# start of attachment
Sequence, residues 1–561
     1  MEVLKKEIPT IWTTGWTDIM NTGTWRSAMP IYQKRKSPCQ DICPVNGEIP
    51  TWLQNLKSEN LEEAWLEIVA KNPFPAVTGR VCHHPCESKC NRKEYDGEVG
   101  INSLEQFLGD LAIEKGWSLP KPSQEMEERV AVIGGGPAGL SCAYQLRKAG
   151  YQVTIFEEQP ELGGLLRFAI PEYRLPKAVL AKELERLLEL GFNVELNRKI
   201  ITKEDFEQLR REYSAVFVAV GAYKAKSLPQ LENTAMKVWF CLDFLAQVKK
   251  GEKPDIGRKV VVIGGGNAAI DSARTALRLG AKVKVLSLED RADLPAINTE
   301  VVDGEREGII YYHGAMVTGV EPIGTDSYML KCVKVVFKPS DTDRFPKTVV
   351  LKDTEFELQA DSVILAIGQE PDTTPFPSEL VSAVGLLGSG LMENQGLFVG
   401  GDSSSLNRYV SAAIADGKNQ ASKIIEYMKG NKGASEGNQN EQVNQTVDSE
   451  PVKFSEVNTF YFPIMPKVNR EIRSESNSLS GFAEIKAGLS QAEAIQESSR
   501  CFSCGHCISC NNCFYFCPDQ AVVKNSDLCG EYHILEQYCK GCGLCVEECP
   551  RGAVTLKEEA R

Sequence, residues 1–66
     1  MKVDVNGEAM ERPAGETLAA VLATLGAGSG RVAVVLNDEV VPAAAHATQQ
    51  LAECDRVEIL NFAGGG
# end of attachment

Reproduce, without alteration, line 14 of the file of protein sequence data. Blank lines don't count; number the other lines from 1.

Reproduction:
Sequence, residues 1–66